one check or have ten separate ones. The theory is that if they decide on one, shared check, they will all choose the more expensive items on the menu, which they would not have done if each was paying individually. Nobody wants to miss out on the best food while having to pay for someone else to eat it. This study reveals that the same attitude is evident in government spending. Supporters of a new day-care centre, for example, in debating its merits, are likely to point out the cost of the proposal in relation to other government measures. Thus, the day-care proponents will invariably argue that the cost of their proposal is only a fraction of the cost of, say, purchasing new nuclear submarines. Or, when a regional minister for Newfoundland seeks support from selected colleagues for the construction of new wharfs in his province, he and his colleagues are not likely to spend much time studying a cost-benefit analysis of such a proposal. They are much more likely to argue that, it the government can spend money on expanding the Hamilton airport, which is only a short distance from the Toronto airport, it can afford to build new wharfs for the fishermen in Newfoundland. And so it goes with other ministers and other proposals. THE DATA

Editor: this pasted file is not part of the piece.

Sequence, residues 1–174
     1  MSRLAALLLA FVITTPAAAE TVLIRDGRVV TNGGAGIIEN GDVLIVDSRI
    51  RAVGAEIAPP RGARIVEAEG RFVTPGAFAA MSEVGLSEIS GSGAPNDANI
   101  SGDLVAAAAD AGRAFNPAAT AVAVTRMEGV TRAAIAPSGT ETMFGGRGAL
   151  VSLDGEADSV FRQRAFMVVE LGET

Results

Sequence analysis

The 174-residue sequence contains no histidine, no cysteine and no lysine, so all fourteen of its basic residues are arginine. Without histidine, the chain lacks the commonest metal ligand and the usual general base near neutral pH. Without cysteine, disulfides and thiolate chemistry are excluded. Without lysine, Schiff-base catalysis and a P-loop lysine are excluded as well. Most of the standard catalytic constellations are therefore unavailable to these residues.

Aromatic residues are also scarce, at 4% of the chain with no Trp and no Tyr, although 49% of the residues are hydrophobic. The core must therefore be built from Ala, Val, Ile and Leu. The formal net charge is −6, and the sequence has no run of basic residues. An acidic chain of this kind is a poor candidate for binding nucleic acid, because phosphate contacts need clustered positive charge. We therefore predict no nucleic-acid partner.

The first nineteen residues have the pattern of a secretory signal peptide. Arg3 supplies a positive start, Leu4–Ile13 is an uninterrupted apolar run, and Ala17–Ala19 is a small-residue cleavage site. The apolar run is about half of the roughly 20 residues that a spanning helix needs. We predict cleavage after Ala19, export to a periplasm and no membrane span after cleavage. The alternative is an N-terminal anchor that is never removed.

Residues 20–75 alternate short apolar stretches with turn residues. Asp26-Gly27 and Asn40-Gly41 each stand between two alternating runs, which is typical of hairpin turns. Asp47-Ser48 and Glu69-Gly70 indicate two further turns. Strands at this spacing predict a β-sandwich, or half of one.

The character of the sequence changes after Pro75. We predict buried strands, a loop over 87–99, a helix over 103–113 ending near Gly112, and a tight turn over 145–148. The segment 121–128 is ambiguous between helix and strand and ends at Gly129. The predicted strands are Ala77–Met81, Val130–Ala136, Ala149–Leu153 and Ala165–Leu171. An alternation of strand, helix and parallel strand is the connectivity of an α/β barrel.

Information for this study comes from a number of sources, including published and unpublished government documents. I also interviewed eighty government officials directly involved in, or close to, the federal government budget process. The interviews were conducted between October 1987 and July 1988. I also conducted seven interviews between February and May 1989 in light of changes to the budget process introduced in January 1989. Almost all the respondents were in the executive branch, although I did interview government backbenchers and two members of the opposition. The interviews were unstructured and each was tailored to the position of the respondents, some of whom were interviewed more than once. I made no attempt to draw a representative sample, which would have been impractical for the purpose of the study. I interviewed senior officials and ministers from both the Mulroney and Trudeau administrations. The interviews had four main goals. The first was to determine what goes on in the budget process. The second was to gain an understanding of the respondents' attitudes towards the process in general. The third was to find out what motivated them. The fourth was to determine from the perspective of the actors directly